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The President

 The President

The position of President is very prestigious, and the Constitution bestows on it a slew of rights and immunities, which are detailed below. The Central executive, which is composed of the President and the Council of Ministers, which is chaired by the Prime Minister, is responsible for matters pertaining to Articles 52 to 78 of the Constitution.

The President is the head of state as well as the official executive of the country. Every executive activity performed at the centre is explicitly stated to be done in his name. In accordance with Article 53(1) of the Constitution, which provides that the executive power shall be vested in the President and shall be exercised either personally or via officials subordinate to him, he has been given this authority.

The President of India is the country’s head of state and the country’s first citizen, as well as the Supreme Commander of the Indian military. Although the President has significant authority in principle, in practice he has little influence. In fact, the President’s responsibilities are equal to those of a constitutional monarch, and indeed, upon India’s independence, the President’s office succeeded the office of the British monarch (represented by the Governor-General).

ELECTION OF THE PRESIDENT

Article 52 of the constitution establishes the presidency. The president is not directly chosen by the people, but via an indirect election process.

Eligibility: Article 58 of the Constitution establishes the fundamental conditions for election to the post of President. 

A President must be an Indian citizen.

Aged 35 years or more

Qualified to serve in the Lok Sabha

A person is unable to run for Presidential election if he currently occupies any office of profit while employed by the Government of India or the Government of any State, or while employed by any municipal or other government authority that is under the control of one of the aforementioned Governments.

Certain officeholders, on the other hand, are entitled to run for President.

These include the following:

Currently serving as Vice-President.

Any State’s Governor.

A Minister of the Union or a State (Including the Prime Minister, Ministers and Deputy Prime Ministers).

If the Vice-President, a State Governor, or a Minister is elected President, they are deemed to have relinquished their prior post on the day they assume the presidency.

According to the 1952 Presidential and Vice-Presidential Elections Act, a candidate for president must get the support of 50 electors as proposers and 50 electors as seconders in order for his name to appear on the ballot.

Election process:

When the office of President becomes vacant, a new President is chosen by an electoral college comprised of elected members of both houses of Parliament (M.P.s), elected members of all State Legislative Assemblies (Vidhan Sabha), and elected members of two Union Territories’ legislative assemblies (M.L.A.s) (National Capital Territory (NCT) of Delhi and Union Territory of Puducherry).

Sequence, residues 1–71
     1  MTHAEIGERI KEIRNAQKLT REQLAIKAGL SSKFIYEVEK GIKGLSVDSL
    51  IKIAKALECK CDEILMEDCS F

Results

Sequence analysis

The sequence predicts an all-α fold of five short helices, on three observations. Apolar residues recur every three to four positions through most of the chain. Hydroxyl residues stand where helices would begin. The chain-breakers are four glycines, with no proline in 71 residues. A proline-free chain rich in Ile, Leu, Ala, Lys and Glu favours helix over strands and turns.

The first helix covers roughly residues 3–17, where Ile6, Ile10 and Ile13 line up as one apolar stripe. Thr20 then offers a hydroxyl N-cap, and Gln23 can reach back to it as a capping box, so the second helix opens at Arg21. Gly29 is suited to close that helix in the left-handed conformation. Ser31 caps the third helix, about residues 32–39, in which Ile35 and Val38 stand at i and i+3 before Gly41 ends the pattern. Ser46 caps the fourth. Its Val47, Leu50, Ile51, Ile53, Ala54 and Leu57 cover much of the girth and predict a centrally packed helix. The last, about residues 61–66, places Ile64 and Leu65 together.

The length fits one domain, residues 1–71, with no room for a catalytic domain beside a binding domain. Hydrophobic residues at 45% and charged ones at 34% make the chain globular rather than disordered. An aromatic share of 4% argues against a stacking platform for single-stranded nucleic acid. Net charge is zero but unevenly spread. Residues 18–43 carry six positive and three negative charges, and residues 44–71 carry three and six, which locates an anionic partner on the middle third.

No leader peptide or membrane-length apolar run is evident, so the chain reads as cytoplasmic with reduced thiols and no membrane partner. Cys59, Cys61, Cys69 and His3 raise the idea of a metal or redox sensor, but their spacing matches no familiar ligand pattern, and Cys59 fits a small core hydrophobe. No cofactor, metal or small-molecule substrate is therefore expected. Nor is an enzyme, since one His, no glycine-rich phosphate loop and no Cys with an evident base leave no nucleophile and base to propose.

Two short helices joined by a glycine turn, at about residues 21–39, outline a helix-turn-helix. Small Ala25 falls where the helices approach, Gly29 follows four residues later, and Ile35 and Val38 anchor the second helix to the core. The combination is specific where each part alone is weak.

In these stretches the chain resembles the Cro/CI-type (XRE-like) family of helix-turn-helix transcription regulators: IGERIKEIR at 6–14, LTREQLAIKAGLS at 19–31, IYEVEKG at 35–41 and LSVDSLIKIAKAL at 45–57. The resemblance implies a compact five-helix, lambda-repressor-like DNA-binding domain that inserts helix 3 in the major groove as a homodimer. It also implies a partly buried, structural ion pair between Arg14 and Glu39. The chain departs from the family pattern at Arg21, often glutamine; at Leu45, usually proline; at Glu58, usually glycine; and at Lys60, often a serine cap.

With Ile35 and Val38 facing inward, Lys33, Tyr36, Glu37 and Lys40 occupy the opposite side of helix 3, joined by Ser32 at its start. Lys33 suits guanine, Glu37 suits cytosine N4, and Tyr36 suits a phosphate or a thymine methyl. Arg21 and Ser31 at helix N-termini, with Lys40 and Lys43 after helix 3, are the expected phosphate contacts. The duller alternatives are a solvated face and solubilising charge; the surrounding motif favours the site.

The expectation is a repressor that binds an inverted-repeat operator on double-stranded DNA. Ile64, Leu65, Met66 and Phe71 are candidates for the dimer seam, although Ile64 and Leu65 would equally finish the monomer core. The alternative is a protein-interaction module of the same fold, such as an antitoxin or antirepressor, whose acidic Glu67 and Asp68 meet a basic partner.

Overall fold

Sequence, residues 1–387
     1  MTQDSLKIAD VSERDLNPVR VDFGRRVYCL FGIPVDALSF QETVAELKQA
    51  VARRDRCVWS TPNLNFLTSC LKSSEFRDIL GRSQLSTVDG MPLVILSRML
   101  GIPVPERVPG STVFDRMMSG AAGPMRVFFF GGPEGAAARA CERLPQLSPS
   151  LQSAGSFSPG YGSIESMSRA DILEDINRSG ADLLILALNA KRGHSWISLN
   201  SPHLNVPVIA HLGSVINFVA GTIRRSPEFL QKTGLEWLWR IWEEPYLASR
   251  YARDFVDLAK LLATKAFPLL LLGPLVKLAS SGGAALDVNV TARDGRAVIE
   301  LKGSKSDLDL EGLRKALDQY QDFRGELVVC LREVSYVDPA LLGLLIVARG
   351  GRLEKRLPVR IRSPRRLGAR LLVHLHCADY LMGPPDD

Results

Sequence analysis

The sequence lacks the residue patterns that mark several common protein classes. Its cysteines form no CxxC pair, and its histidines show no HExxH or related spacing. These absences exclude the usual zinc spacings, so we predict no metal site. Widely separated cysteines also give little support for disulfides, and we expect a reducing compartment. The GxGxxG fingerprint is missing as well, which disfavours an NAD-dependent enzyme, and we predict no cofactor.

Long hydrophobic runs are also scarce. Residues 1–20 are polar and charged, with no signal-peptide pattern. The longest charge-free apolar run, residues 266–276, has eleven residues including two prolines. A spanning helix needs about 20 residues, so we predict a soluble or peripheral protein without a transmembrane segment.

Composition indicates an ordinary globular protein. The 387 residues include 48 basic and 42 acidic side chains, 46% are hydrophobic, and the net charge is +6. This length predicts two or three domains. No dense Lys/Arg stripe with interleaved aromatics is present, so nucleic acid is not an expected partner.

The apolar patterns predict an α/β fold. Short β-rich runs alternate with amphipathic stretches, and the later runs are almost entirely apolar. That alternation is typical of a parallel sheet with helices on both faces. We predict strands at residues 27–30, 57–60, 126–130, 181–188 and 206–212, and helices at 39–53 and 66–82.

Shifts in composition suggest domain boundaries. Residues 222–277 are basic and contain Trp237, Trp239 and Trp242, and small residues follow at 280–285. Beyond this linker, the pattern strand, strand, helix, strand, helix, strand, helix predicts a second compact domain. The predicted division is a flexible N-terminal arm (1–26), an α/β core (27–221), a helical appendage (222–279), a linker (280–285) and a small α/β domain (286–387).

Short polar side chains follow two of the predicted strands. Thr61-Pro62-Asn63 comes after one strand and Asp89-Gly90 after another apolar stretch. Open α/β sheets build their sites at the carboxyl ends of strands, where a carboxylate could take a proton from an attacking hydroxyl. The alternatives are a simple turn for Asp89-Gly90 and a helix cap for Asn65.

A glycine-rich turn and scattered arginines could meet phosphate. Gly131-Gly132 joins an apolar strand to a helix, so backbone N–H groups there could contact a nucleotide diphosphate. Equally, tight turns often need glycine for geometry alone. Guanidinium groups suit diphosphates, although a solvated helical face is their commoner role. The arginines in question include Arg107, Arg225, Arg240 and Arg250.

Oath or affirmation 

In the presence of the Chief Justice of India (or, in his absence, the senior-most Judge of the Supreme Court), the President is expected to take an oath or affirmation that he/she would maintain, preserve, and defend the Constitution, which he/she must sign.

Impeachment

The President of India may be removed from office before the end of his or her term if he or she is found to have violated the Indian Constitution. Starting the procedure in any of the two chambers of Parliament is permissible.

TERM OF OFFICE OF PRESIDENT

The President is elected for a five-year term.

ARTICLE 62: DATE AND TERM OF ELECTION TO FILL VACANCY IN PRESIDENTIAL OFFICE

A vacancy created by the end of the President’s term must be filled before the term expires.  The person elected to fill a vacancy in the office of President shall, be subject to the provisions of article 56, be entitled to hold office for the full term of five years from the day on which he enters upon his office.

Powers of Indian President

The powers of the Indian President may be divided into eight major categories, as follows: They are as follows:

  • Legislative
  • The authority to make appointments or to act as an executive
  •  Powers of the judiciary
  • Possibilities in terms of finances
  • The ability to negotiate on a diplomatic level
  • Powers in the military
  • Powers of Pardoning
  • Powers in an emergency

Article 72: Power of President to grant pardons, etc., and to suspend, remit or commute sentences in certain cases

(1) The President shall have the power to grant pardons, reprieves, respites or remissions of punishment or to suspend, remit or commute the sentence of any persons convicted of any offence – (a) in all cases where the punishment or sentence is by a Court Martial;

(b) in all cases where the punishment or sentence is for an offence against any law relating to a matter to which the executive power of the Union extends;

(c) in all cases where the sentence is a sentence of death.

(2) Nothing in sub-clause (a) of clause (1) shall affect the power conferred by law on any officer of the Armed Forces of the Union to suspend, remit or commute a sentence passed by a Court-martial.

(3) Nothing in sub-clause (c) of clause (1) shall affect the power to suspend, remit or commute a sentence of death exercisable by the Governor of a State under any law for the time being in force.

Conclusion

The President of India is the country’s head of state and supreme commander of its armed forces. The President has enormous authority in principle. A constitutional monarchy is a constitutional monarchy, and the President’s function superseded the British monarch (represented by the Governor-General) following India’s independence.